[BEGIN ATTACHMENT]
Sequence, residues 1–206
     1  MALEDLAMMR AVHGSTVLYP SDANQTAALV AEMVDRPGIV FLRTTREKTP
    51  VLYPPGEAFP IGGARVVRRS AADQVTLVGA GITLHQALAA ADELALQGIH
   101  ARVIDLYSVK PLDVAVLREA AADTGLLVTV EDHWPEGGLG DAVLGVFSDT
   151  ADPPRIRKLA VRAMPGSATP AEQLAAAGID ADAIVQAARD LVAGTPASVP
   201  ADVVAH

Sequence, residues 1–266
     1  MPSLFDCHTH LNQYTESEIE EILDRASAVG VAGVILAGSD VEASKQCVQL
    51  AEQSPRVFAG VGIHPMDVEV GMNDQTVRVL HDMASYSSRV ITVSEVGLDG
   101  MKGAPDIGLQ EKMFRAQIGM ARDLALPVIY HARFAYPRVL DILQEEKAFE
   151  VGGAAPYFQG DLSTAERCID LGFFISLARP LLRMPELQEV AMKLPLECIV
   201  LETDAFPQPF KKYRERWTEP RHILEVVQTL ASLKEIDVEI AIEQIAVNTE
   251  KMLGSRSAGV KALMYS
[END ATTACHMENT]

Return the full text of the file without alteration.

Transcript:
Sequence, residues 1–206
     1  MALEDLAMMR AVHGSTVLYP SDANQTAALV AEMVDRPGIV FLRTTREKTP
    51  VLYPPGEAFP IGGARVVRRS AADQVTLVGA GITLHQALAA ADELALQGIH
   101  ARVIDLYSVK PLDVAVLREA AADTGLLVTV EDHWPEGGLG DAVLGVFSDT
   151  ADPPRIRKLA VRAMPGSATP AEQLAAAGID ADAIVQAARD LVAGTPASVP
   201  ADVVAH

Sequence, residues 1–266
     1  MPSLFDCHTH LNQYTESEIE EILDRASAVG VAGVILAGSD VEASKQCVQL
    51  AEQSPRVFAG VGIHPMDVEV GMNDQTVRVL HDMASYSSRV ITVSEVGLDG
   101  MKGAPDIGLQ EKMFRAQIGM ARDLALPVIY HARFAYPRVL DILQEEKAFE
   151  VGGAAPYFQG DLSTAERCID LGFFISLARP LLRMPELQEV AMKLPLECIV
   201  LETDAFPQPF KKYRERWTEP RHILEVVQTL ASLKEIDVEI AIEQIAVNTE
   251  KMLGSRSAGV KALMYS